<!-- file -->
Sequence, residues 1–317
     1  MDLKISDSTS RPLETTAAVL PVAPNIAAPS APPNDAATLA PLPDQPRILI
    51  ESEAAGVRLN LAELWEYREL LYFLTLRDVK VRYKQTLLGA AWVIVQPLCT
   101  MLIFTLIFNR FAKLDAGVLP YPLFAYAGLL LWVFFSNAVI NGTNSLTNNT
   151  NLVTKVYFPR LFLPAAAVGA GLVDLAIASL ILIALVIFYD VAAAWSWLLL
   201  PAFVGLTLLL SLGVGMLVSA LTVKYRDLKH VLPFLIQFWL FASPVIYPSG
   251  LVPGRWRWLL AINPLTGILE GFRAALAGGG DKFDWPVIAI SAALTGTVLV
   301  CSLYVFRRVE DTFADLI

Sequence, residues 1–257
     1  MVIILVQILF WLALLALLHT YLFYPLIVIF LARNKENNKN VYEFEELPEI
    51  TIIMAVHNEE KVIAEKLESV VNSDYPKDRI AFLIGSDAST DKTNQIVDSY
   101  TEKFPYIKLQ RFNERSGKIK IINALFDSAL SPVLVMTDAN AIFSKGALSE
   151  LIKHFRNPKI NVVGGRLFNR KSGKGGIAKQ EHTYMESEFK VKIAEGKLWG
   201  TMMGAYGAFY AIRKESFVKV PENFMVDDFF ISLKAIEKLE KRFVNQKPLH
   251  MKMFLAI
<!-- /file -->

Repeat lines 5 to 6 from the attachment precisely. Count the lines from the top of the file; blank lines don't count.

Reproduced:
   151  NLVTKVYFPR LFLPAAAVGA GLVDLAIASL ILIALVIFYD VAAAWSWLLL
   201  PAFVGLTLLL SLGVGMLVSA LTVKYRDLKH VLPFLIQFWL FASPVIYPSG